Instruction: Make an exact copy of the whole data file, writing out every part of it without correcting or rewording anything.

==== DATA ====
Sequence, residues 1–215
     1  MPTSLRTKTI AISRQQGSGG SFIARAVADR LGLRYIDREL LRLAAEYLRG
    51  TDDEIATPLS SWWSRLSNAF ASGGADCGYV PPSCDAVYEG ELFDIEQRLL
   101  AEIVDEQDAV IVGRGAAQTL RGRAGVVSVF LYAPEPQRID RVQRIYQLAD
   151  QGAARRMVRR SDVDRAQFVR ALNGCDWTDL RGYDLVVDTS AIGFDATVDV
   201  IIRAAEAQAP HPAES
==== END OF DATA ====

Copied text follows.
Sequence, residues 1–215
     1  MPTSLRTKTI AISRQQGSGG SFIARAVADR LGLRYIDREL LRLAAEYLRG
    51  TDDEIATPLS SWWSRLSNAF ASGGADCGYV PPSCDAVYEG ELFDIEQRLL
   101  AEIVDEQDAV IVGRGAAQTL RGRAGVVSVF LYAPEPQRID RVQRIYQLAD
   151  QGAARRMVRR SDVDRAQFVR ALNGCDWTDL RGYDLVVDTS AIGFDATVDV
   201  IIRAAEAQAP HPAES